One thing Dr. Saucier and other faculty members have been working on to move inclusivity forward is a new academic strategic plan for the university.

Her excitement about the plan emanated through the phone. “When I read it, it gives me goosebumps,” she said. “It just makes me so excited for us to talk about ourselves as an institution and say, ‘This is what we stand for, this is who we are, and this is what you can expect from us.’”

The plan is to be rolled out at the beginning of October, and will include aspects of commitment to the United Nations Declaration on the Rights of Indigenous Peoples as well as the Truth and Reconciliation Commission Calls to Action.  

Dr. Saucier explains that it’s a student-led document, but COVID-19 got in the way of the first rounds of consultation in March, so the faculty is still welcoming student’s opinions on the strategic plan’s website at

“VIU is already well ahead of other institutions in Canada in its commitment to Indigeneity, Indigenous knowledge, and Indigenous ways of knowing, so I want to take the next step beyond that,” Dr. Saucier said.

VIU has been creating space for Indigenous programs, services, and support since Indigenous education at the university started back in 1970, when a lecture series led by Indigenous leaders who taught their own culture and history was introduced.

From then on, the university started to create a number of positions and programs for Indigenous students, leaders and educators. VIU’s first full-time Elder-in-Residence, Snuneymuxw Elder, C’tasi:a, Geraldine Manson, was appointed in 2013, where her role expanded to support students in the Faculty of Health and Human Services.

“When I was invited to be Elder-in-Residence, I didn’t realize how important it was going to be as each year progressed. Each year I’ve built my portfolio up even more because I’m not only giving to the students, but they’re giving back to me,” Elder Manson said. “That’s one thing I admire about our university is that they not only opened their doors to us, but they also made us a part of the faculty.”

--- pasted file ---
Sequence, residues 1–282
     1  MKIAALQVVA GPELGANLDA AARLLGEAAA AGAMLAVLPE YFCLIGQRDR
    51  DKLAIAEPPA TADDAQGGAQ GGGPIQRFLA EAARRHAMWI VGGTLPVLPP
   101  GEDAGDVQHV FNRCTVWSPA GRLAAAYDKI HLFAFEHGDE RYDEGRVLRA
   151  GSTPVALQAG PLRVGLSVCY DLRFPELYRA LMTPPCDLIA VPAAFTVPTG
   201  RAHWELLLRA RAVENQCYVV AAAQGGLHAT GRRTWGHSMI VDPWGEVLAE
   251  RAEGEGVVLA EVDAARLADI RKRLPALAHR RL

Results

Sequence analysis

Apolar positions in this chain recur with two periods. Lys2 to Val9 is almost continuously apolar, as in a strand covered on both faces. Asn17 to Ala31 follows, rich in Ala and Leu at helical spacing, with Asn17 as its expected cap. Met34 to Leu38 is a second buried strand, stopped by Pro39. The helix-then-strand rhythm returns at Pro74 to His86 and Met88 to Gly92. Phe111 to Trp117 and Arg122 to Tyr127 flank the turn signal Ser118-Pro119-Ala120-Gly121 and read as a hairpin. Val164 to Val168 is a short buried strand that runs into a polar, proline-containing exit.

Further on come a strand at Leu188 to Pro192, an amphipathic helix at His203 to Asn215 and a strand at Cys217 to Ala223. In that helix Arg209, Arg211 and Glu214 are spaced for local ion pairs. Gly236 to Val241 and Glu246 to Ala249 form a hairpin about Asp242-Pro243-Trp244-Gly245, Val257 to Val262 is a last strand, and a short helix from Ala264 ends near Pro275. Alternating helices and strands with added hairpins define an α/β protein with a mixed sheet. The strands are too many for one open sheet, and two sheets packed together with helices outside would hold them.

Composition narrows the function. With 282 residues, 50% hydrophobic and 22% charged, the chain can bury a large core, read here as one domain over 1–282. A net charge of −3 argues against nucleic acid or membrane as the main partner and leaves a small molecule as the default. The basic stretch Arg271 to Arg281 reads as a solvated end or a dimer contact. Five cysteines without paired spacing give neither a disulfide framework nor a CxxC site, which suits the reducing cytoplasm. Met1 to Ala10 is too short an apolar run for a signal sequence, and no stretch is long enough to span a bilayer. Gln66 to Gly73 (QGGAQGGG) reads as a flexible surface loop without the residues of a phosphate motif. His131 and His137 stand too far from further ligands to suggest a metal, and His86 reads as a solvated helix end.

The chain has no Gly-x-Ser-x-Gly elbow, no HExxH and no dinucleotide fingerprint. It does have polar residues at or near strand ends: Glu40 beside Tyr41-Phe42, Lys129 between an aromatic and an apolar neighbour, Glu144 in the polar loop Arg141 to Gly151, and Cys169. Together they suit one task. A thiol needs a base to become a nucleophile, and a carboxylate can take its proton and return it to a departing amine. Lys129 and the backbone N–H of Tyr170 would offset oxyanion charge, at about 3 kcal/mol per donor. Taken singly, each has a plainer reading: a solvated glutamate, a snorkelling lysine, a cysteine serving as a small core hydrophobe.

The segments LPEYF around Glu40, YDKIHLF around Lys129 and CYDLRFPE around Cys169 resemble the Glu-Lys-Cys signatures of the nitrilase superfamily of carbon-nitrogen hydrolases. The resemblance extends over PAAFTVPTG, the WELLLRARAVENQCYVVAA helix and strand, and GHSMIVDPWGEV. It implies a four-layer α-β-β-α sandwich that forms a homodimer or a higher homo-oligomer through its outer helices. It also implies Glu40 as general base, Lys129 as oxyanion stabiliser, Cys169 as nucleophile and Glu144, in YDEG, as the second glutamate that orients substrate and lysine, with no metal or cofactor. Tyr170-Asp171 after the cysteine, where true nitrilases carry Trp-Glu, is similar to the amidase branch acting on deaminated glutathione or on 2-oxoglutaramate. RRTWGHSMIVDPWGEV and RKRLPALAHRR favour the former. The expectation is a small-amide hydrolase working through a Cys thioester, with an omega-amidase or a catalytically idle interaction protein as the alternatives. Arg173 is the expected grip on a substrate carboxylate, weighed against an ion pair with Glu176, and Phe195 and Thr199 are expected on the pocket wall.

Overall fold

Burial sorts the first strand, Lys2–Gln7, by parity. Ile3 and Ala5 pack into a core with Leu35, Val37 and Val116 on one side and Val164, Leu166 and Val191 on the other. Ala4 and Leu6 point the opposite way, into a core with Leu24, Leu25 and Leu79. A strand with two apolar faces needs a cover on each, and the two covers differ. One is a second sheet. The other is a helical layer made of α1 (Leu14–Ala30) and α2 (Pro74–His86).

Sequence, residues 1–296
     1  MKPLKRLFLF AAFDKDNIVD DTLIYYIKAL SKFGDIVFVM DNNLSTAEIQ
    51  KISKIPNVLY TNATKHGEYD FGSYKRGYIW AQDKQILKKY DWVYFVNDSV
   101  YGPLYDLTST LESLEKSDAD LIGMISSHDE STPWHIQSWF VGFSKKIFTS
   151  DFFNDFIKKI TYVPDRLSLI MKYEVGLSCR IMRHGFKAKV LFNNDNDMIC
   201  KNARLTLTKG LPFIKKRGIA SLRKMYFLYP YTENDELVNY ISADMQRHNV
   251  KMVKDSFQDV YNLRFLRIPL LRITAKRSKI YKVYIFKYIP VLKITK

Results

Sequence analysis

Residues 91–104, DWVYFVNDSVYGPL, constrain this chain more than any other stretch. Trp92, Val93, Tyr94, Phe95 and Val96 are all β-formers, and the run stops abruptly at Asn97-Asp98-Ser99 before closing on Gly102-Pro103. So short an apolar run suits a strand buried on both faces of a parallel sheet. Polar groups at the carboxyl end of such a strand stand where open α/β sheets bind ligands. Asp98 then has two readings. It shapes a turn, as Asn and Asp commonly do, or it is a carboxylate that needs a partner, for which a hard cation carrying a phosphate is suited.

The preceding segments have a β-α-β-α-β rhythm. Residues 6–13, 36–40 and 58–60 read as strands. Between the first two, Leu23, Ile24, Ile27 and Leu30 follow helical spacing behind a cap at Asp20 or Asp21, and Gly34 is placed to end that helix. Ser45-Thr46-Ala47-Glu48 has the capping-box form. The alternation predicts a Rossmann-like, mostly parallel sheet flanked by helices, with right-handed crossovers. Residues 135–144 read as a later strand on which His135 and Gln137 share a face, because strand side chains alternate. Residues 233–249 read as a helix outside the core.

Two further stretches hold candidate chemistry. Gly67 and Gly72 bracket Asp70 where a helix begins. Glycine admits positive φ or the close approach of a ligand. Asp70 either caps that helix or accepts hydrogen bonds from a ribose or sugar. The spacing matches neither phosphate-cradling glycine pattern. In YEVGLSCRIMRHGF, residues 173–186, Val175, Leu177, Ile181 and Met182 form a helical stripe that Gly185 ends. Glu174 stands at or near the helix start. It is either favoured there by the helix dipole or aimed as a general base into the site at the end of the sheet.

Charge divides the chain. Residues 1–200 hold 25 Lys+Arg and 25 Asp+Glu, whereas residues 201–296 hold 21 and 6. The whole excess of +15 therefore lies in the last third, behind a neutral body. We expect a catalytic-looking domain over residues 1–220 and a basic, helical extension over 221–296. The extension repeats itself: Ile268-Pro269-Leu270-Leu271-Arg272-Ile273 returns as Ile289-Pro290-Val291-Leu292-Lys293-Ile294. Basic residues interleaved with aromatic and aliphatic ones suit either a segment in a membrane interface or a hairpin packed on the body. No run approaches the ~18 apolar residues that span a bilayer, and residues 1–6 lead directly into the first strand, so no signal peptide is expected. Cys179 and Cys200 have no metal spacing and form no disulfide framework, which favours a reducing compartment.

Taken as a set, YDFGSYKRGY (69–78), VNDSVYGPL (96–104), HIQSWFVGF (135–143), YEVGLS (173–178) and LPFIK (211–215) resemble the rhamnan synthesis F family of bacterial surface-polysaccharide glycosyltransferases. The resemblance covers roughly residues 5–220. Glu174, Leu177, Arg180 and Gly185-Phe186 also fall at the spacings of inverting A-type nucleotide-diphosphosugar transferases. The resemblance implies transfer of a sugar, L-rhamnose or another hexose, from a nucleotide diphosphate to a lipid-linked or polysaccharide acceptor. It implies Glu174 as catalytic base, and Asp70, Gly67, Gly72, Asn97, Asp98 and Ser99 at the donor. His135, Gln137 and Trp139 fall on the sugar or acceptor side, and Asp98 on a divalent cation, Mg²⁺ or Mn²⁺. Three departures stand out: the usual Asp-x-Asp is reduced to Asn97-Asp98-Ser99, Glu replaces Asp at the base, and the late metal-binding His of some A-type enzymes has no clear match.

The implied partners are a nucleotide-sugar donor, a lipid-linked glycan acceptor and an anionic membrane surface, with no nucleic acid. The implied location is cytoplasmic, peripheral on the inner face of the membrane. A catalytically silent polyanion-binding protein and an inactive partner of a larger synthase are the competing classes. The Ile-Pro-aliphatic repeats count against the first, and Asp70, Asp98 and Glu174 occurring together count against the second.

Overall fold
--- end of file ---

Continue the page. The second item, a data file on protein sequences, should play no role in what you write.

VIU’s past leaders have also paved the way for reconciliation and Indigenous education at the university; from Chief Shawn A-in-chut Atleo, who was BC and VIU’s first Indigenous chancellor from 2008 until 2014; to Director of the Centre for Pre-Confederation Treaties & Reconciliation, Kwul’a’sul’tun, Douglas White III; to past President and Vice-Chancellor Dr. Ralph Nilson and current Chancellor Louise Mandell—both of whom are big supporters of Indigenous education and advocators for Indigenous rights.

Elder Manson expressed her fondness for those who have paved the way for Dr. Saucier and Dr. Sayers. 

“Deborah is so approachable and understanding and has the listening skills so individuals feel heard, but also brings Indigenous voices to the campus itself,” Elder Manson said. “And our upcoming chancellor, Dr. Judith Sayers is another wonderful person who has so much to offer, and comes with the spirit and understanding of her role. And now these two beautiful Indigenous women will be connected.”

As we settle into the new semester in this era of unprecedented times, it is clear that both Dr. Saucier, Dr. Sayers, and all the Indigenous leaders and allies at VIU will set the precedent for the future: one of acceptance, open-mindedness, and diversity.


Kristen Bounds is a fifth-year Creative Writing major focusing on non-fiction and journalism. Her writing mostly centres around her passion topics: environmentalism and social justice. Apart from talking about plastic to anyone who will listen, she enjoys reading, surfing, and is quite partial to a cold hazy pale ale.